When two of China's most influential government policy think-tanks highlight the risk that growth will weaken on the same day that a widely-watched indicator fails to signal an expected upturn, investors are naturally nervous.

The question is whether a warning by the cabinet's Development Research Centre of the need to prepare for extreme risks, a State Information Centre assessment growth is slowing faster than thought and a slip in a private sector survey of factory activity signal a significant shift in the economy.

Adding in a risk-laden assessment from a third government think-tank in 24 hours suggest at the very least that investors should be erring on the side of caution given that growth has slowed for four successive quarters and almost certainty slowed again for a fifth.

If the government does not intervene and accelerate policy easing, growth will continue to slow, is the blunt assessment of Wang Jun, an economist at China Centre for International Economic Exchanges (CCIEE).

He told Reuters his first-quarter growth forecast had been cut to around 8 percent from 8.5 percent.

Wang's call echoes that of Zhu Baoliang, chief economist at the State Information Centre. He told Reuters he had trimmed his first quarter call to 8.2-8.3 percent from 8.5 percent and cautioned growth could slip below 8 percent if the central bank failed to unveil more policy easing.

For those paying close attention to the shrinking government growth forecasts and steady refrain of China's top leadership for the last 18 months that a structural slowdown to growth is inevitable - and desirable - then this is just reality biting.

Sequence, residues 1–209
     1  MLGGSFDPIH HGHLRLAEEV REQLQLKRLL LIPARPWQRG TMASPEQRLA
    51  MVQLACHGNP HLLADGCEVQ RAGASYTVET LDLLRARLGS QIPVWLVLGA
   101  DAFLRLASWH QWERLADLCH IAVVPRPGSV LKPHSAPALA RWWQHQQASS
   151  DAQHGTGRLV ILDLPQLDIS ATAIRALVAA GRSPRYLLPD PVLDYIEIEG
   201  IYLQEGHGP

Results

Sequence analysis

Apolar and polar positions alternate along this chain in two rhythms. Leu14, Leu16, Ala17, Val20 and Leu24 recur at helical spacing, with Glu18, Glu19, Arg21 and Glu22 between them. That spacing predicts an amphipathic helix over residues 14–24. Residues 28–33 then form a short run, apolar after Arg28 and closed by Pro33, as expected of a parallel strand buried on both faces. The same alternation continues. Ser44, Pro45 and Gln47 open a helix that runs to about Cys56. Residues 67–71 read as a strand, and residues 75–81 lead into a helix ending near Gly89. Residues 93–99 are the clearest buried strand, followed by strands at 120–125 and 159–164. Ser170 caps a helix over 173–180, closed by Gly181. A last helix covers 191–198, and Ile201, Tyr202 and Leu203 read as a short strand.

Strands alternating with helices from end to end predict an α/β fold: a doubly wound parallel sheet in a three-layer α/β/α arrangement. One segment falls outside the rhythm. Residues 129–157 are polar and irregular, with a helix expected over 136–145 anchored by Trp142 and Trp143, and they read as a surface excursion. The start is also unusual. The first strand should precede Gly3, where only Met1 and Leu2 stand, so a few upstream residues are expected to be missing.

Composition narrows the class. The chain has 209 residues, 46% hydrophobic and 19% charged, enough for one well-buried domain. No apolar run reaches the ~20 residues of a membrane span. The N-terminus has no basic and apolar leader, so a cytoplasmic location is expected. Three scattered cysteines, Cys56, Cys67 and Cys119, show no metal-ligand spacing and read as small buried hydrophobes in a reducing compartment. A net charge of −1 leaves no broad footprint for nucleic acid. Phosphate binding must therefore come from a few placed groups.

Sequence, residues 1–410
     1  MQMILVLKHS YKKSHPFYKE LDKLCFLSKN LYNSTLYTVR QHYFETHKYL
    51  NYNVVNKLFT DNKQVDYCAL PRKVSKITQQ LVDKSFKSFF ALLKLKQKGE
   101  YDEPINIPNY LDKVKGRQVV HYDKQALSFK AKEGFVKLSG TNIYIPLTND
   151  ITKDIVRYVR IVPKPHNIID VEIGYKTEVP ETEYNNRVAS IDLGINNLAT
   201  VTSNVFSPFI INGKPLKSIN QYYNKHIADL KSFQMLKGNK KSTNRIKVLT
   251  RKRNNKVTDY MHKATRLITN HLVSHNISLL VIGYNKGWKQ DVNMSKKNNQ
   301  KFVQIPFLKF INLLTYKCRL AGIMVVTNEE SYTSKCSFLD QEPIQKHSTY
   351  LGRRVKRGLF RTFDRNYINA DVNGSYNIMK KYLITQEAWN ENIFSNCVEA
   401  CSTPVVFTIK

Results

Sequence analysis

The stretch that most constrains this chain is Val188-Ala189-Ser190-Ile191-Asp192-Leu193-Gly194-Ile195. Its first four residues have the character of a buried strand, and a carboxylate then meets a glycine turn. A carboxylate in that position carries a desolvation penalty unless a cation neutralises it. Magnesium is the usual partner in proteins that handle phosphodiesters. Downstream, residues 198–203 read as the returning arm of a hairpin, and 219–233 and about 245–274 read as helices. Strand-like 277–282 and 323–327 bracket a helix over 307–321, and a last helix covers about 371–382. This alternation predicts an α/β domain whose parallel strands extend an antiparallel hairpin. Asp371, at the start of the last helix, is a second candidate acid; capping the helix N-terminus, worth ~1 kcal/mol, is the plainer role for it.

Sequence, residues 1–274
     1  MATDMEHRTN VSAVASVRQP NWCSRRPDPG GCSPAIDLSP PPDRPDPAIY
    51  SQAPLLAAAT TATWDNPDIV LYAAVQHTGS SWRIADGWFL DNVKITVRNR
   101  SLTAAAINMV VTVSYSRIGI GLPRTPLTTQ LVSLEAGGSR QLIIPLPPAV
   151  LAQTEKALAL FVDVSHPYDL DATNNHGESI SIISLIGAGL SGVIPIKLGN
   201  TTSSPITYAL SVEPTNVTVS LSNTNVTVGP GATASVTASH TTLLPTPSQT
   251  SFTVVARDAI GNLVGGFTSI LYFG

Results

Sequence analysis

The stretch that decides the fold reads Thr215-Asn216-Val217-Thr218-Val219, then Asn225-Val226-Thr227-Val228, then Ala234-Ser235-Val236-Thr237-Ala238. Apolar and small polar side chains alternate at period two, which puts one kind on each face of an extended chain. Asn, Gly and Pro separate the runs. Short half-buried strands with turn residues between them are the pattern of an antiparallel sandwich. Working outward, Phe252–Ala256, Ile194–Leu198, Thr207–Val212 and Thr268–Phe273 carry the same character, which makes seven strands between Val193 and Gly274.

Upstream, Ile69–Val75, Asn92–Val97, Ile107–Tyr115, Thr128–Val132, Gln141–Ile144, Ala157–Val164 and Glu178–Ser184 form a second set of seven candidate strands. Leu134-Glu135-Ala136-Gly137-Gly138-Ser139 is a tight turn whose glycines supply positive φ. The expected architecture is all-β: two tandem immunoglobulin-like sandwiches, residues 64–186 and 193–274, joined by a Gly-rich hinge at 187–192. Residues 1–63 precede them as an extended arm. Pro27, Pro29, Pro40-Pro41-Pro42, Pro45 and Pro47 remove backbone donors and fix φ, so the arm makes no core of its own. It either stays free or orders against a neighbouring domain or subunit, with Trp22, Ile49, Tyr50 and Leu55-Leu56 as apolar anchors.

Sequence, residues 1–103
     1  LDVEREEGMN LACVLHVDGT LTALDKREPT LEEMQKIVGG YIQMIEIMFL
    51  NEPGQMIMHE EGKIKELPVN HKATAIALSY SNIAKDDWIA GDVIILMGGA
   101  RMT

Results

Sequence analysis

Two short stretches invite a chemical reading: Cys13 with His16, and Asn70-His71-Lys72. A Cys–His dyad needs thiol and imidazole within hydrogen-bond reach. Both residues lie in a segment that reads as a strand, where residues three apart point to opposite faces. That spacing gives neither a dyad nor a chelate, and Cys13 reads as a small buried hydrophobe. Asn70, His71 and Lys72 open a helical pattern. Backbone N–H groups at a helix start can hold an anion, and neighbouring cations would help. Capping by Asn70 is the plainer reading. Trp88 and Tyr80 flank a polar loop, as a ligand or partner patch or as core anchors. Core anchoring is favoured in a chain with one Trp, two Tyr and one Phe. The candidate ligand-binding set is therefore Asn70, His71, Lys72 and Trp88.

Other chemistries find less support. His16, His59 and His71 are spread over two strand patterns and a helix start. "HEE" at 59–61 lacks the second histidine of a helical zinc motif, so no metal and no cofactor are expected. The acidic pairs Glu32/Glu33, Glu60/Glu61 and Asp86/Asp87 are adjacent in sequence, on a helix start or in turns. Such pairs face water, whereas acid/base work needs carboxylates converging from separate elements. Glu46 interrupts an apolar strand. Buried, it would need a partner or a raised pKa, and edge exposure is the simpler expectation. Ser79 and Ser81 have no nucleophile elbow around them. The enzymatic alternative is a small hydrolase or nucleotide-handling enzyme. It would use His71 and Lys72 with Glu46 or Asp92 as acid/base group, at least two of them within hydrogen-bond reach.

China has long said structural changes in its economy, from demographics to investment and rebalancing to more consumer-led, domestic demand are damping down headline growth from three decades of roughly double-digit annual expansion.

The issue for investors is the extent to which the government has the policy flexibility to add extra impetus to slowing growth in the face of a deeper downturn than anticipated in external demand owing to the euro area debt crisis and a sluggish U.S. economy, while internal economic change is accommodated and whether it really signals the need for a more urgent or outsized monetary and fiscal response.

Yes, there's a slowdown. The question is how big is that slowdown? Ting Lu, China economist at Bank of America/Merrill Lynch in Hong Kong said.

If I'm an economist for the government, I've got to tell them to be worried about this and to do this and do that, Lu said. There's an element of policy persuasion in their work.

Indeed, Chinese policymakers prize social stability over anything else, a point underlined on Sunday by Zhang Ping, head of the National Development and Reform Commission, the nation's main economic planner.


There's doubtless an element of persuasion in the investment bank view of the world too, though both seem to be gravitating around core assumptions - more policy action is required to keep growth on track and the economy should expand a little over 8 percent in first quarter and around 8.5 percent for the year.

Both numbers are way above official government guidelines. China's 12th five-year plan assumes growth will average 7 percent over 2011-2015. The official 2012 target announced three weeks ago by Premier Wen Jiabao is 7.5 percent.